Making Lamb Headway!
The title of this post 'making lamb headway' does not refer to a new recipe or method for cooking lamb. It's actually a celebration of sorts, in that I have finally managed to persuade hubby to partake of lamb, not under duress, but in actual enjoyment of the same!Hubby has always maintained that he is a simple man in tastes, with an easy-to-satisfy appetite but I have learnt in the last decade from living with the man that the alleged appetite is a myth. There is a whole lot of stuff that he has barred from ever entering his mouth, too numerous to list and which defies logic when one considers the other stuff that has entered that orifice. For instance, he consumes beef and veal but not lamb or mutton? What gives?
So it was with trepidation that I made last night's dinner of Grilled Lamb Steaks, a 'touch and go' affair really, and if he didn't go for it, he would be dining only on a salad of cooked potatoes and french beans with corn and crabmeat soup (I did not really place him under duress since the salad and soup were quite substantial as a meal in themselves). To make lamb palatable and somewhat familiar in taste, I marinated the same in an Asian marinade of sorts.
- To make marinade for 2 lamb steaks: Whisk together 6 tablespoons of light soy sauce, 1 and 1/2 tablespoons of sesame oil, 1 tablespoon of rice vinegar, 1 teaspoon of finely grated ginger, 1 small garlic (minced) and 1/2 teaspoon of honey.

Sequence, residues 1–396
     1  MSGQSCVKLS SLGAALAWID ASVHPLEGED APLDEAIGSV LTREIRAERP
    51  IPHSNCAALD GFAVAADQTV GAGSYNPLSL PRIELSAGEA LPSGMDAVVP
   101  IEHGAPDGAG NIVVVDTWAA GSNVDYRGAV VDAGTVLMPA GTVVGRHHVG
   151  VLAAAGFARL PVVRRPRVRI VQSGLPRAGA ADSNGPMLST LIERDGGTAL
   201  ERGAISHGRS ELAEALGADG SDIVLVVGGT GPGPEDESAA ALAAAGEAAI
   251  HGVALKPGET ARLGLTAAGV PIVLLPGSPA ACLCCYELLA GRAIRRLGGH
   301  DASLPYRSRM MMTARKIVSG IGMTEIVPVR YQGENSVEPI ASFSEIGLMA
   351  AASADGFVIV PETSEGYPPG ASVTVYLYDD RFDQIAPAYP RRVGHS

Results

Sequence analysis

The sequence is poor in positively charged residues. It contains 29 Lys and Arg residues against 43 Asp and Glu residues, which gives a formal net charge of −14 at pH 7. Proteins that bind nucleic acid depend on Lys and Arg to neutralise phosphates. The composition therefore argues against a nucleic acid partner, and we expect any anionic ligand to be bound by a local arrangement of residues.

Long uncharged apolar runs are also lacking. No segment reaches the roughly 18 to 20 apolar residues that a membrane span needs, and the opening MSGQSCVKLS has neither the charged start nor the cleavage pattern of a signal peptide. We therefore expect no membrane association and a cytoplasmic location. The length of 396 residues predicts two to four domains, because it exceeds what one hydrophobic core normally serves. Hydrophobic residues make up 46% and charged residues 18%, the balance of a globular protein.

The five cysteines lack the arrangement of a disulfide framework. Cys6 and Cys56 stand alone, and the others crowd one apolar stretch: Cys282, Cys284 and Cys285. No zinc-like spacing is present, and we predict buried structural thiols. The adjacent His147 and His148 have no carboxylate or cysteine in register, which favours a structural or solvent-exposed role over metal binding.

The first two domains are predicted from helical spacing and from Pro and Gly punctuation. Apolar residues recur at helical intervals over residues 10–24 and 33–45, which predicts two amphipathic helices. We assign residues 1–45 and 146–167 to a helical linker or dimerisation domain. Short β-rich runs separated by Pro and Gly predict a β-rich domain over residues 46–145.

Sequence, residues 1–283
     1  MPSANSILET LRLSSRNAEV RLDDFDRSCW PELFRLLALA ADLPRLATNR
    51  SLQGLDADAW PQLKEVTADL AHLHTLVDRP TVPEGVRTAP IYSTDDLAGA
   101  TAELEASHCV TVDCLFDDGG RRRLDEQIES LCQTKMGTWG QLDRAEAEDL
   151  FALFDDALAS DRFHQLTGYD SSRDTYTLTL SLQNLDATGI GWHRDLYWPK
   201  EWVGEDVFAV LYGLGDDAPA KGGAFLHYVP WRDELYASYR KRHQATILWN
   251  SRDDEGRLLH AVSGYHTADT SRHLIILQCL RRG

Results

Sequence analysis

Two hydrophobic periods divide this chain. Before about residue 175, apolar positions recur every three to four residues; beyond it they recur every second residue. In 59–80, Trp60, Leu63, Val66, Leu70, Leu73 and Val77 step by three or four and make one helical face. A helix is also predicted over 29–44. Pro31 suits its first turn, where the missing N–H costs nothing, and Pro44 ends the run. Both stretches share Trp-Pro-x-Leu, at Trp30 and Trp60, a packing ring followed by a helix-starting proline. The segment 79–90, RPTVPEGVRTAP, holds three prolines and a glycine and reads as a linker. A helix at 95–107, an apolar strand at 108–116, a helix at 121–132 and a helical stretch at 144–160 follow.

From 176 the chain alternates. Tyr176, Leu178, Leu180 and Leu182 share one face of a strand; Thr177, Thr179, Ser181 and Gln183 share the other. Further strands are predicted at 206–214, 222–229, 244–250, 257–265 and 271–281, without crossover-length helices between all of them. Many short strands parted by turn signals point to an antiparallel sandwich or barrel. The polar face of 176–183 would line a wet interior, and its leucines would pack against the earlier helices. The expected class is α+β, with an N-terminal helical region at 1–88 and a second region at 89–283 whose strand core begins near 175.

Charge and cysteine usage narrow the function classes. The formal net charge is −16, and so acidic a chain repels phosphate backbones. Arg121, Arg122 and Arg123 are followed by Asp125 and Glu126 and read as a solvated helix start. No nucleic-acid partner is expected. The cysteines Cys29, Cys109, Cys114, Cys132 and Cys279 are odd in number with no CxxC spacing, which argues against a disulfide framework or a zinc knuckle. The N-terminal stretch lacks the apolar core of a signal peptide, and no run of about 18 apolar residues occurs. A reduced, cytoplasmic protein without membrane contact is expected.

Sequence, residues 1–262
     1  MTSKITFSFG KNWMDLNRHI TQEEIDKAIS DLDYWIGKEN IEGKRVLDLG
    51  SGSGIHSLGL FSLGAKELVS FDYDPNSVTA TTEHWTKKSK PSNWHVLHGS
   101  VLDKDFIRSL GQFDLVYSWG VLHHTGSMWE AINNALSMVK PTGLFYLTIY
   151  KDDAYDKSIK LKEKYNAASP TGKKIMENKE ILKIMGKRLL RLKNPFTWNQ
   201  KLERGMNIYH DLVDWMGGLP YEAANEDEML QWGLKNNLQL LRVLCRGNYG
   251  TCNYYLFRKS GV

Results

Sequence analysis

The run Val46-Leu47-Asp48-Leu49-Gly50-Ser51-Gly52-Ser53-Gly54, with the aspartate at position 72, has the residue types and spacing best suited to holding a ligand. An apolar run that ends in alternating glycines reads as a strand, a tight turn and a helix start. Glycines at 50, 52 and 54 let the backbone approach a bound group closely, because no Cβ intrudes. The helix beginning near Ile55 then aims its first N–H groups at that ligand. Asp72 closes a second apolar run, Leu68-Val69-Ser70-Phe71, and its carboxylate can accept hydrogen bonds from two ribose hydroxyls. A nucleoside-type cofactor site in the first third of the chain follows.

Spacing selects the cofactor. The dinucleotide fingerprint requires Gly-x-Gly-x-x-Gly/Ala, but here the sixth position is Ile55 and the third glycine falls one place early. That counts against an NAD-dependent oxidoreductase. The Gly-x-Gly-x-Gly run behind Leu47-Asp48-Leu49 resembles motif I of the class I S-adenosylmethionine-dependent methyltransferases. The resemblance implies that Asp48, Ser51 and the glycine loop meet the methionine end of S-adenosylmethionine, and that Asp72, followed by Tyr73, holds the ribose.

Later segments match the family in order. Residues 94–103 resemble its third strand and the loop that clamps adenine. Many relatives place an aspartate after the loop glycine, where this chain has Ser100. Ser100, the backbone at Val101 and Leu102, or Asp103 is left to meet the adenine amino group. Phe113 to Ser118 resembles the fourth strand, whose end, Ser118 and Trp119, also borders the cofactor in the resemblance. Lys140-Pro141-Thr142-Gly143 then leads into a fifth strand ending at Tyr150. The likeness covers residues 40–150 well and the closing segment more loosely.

- Add the lamb steaks (chops if you prefer) to marinade and let stand for at least 15 minutes or so.
- Grill lamb steaks (or chops) over moderate heat for about 4 to 5 minutes per side for medium rare, I did mine a little bit longer (6 minutes or so) as I wasn't quite sure that hubby was ready for medium-rare lamb.
- Remove lamb steaks from grill and let rest on covered plate for at least 5 to 10 minutes, before slicing steaks.
The Fresh Corn Soup with Crabmeat is a quite a breeze to make, and you can choose to puree everything and strain the soup through a sieve for a smooth 'restaurant-style' consistency or do a 'half-baked' puree job leaving bits and pieces (as shown in pic) for more bite. Recipe below serves at least 3.
- cook 1 small carrot (diced), 1 medium onion (diced), 1 celery rib (diced) and 1 garlic clove (minced) in 2 tablespoons of olive oil in a heated sautepan, for about 5 minutes until slightly soft
- add corn kernels (from 3 ears of corn) and 1 bay leaf and cook for another 5 minutes stirring occassionally
- add 3 cups of water, bring to a boil, reduce heat and simmer for at least 20 minutes
- discard bay leaf, and puree the soup in a blender
- season with salt and pepper to taste
- to serve, add some cooked crabmeat and sprigs of basil on top of soup (or you can also choose to add part of the crabmeat into soup and mix well before serving)